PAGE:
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West Virginia billionaire Jim Justice made his fortune in coal and agriculture, and he is revered in his home state as the man who rescued the historic Greenbrier resort from bankruptcy.
Worth an estimated $1.7 billion, Justice is a prominent member of the tiny West Virginia community of Lewisburg, keeping a modest home and finding time to coach basketball at the local high school. He ranks No. 292 on a list of wealthiest Americans by Forbes magazine, which estimates that his personal wealth has grown by $500 million in the last year.
But his coal operations in Appalachia are struggling as business owners have filed at least nine lawsuits since late 2011 claiming they are not being paid for work at Justice mines. Still others say they are owed money but haven't yet sued.
"There is some angry, angry people," said Mark Miracle, the owner of Dynatech Electronics in Harlan, Ky. Miracle says he is owed about $150,000 for electrical mining supplies provided to three Justice mining companies more than a year ago. "They owe a lot of people a lot of money."
In an interview with The Associated Press, Justice acknowledged his companies have some debts but said they are emblematic of the coal industry's wider struggles.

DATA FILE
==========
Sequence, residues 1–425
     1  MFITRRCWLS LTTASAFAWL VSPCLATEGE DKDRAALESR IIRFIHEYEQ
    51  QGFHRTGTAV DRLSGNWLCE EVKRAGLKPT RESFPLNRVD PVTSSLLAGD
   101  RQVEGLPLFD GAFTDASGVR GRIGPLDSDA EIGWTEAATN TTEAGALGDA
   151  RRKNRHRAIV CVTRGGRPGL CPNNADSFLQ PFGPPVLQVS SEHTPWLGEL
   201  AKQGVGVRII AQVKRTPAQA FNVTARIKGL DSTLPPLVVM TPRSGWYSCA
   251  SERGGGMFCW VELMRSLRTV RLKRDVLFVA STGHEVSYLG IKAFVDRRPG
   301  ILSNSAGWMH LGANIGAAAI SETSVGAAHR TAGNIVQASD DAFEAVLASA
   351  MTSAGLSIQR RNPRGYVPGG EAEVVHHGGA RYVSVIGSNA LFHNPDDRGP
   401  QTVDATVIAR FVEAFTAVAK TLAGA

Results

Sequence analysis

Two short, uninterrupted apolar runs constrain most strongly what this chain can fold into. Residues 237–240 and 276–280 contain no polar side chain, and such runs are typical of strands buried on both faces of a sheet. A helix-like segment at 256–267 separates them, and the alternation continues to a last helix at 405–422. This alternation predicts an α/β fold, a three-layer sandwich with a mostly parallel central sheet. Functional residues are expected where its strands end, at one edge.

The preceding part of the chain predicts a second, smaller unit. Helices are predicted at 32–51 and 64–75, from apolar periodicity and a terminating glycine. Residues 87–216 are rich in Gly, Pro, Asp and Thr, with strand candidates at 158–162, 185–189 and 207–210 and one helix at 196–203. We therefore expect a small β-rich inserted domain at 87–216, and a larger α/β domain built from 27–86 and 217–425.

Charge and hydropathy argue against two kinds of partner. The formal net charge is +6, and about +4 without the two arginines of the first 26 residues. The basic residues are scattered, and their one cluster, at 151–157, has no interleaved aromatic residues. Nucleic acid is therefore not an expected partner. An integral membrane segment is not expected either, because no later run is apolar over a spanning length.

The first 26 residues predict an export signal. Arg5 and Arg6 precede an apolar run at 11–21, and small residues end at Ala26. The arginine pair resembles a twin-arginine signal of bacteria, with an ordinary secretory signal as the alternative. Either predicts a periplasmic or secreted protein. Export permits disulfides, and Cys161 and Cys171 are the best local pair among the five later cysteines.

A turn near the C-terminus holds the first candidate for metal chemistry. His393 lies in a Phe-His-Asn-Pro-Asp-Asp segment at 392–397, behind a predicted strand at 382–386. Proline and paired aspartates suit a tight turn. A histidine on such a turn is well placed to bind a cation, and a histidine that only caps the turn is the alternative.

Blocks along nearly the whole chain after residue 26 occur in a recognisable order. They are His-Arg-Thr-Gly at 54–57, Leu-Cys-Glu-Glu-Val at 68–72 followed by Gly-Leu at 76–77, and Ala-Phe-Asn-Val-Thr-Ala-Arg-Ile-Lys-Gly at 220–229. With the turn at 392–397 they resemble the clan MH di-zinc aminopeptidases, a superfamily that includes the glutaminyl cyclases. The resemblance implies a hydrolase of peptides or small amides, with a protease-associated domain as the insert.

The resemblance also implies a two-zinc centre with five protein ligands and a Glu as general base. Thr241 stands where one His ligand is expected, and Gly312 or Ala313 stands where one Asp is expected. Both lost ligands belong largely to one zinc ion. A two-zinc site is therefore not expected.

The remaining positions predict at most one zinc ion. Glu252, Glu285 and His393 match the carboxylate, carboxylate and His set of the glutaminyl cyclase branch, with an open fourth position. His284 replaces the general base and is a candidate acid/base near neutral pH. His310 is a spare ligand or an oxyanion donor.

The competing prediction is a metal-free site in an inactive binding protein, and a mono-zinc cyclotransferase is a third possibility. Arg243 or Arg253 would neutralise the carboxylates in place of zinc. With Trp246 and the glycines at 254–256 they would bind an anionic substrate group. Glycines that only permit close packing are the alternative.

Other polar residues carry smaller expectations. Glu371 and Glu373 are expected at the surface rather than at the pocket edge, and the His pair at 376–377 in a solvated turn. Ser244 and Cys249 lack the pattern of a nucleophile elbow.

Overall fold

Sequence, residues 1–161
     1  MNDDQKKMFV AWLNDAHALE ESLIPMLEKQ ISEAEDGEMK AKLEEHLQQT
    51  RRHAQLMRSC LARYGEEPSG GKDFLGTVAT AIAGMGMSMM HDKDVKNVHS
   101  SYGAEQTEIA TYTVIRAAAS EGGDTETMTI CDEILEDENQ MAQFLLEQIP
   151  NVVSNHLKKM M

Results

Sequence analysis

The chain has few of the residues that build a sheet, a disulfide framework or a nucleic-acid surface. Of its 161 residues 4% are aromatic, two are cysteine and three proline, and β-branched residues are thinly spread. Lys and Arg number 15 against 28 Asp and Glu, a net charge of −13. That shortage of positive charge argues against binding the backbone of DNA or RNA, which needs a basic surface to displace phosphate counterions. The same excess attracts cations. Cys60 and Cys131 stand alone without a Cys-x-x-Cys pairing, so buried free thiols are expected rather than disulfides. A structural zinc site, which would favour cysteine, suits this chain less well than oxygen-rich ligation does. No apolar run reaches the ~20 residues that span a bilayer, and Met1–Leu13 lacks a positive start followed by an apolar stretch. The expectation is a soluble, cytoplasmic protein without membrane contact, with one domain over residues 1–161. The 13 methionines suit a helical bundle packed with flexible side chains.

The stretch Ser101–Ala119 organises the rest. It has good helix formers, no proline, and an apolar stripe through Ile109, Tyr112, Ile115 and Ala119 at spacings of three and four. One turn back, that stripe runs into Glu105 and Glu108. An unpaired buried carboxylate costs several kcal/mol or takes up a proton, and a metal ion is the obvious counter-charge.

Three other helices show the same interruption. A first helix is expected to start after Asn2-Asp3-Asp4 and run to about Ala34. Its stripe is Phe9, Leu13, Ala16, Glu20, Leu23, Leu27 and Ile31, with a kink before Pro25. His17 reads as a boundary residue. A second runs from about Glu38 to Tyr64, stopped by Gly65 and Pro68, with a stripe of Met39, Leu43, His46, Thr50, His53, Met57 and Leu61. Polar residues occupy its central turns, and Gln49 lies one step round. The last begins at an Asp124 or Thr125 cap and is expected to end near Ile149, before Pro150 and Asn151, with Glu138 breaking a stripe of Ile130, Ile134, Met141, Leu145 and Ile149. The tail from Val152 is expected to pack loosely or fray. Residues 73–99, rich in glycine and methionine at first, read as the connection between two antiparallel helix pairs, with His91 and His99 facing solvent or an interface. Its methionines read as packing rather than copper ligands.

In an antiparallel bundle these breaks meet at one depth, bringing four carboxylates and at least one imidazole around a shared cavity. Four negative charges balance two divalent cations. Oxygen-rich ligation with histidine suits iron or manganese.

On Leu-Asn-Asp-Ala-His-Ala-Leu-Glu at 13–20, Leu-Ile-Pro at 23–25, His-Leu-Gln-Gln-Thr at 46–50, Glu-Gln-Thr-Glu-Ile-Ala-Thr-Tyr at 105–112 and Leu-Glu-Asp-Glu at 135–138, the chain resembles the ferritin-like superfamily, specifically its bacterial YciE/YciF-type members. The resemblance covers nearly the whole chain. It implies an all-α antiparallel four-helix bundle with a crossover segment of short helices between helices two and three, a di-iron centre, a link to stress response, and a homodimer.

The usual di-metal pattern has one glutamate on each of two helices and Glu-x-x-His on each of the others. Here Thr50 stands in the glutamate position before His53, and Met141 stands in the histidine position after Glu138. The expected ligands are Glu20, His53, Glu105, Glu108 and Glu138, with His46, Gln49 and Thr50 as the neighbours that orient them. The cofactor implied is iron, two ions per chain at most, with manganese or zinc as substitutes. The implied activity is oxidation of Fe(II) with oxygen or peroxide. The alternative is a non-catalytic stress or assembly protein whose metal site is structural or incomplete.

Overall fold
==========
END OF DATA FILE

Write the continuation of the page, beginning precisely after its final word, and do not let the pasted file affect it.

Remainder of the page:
"The coal business is terrible, it's just terrible and we're doing everything in our power to stay open and keep people working," Justice said. "We're one of the few (companies) that are even still working, trying to employ people and pay taxes."
Coal production in central Appalachia where Justice operates dozens of mines is expected to tumble from 235 million tons mined in 2008 to about 139 million tons by 2015, a decline of more than 40 percent, according to government numbers.
The hard times have led to sluggish business in Harlan and nearby counties, where Justice is being sued by electric, repair and maintenance companies that specialize in mine work.